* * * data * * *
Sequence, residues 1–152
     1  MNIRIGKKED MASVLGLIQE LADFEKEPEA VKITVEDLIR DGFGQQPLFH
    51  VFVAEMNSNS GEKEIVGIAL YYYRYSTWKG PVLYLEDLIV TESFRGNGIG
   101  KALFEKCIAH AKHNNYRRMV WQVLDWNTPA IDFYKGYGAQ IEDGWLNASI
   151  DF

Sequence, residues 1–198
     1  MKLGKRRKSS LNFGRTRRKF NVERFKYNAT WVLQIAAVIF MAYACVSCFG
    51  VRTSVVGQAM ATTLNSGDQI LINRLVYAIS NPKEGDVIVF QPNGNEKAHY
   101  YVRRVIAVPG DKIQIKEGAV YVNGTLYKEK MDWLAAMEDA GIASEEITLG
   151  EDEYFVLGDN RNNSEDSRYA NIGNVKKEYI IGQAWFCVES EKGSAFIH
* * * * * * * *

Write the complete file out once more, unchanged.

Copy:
Sequence, residues 1–152
     1  MNIRIGKKED MASVLGLIQE LADFEKEPEA VKITVEDLIR DGFGQQPLFH
    51  VFVAEMNSNS GEKEIVGIAL YYYRYSTWKG PVLYLEDLIV TESFRGNGIG
   101  KALFEKCIAH AKHNNYRRMV WQVLDWNTPA IDFYKGYGAQ IEDGWLNASI
   151  DF

Sequence, residues 1–198
     1  MKLGKRRKSS LNFGRTRRKF NVERFKYNAT WVLQIAAVIF MAYACVSCFG
    51  VRTSVVGQAM ATTLNSGDQI LINRLVYAIS NPKEGDVIVF QPNGNEKAHY
   101  YVRRVIAVPG DKIQIKEGAV YVNGTLYKEK MDWLAAMEDA GIASEEITLG
   151  EDEYFVLGDN RNNSEDSRYA NIGNVKKEYI IGQAWFCVES EKGSAFIH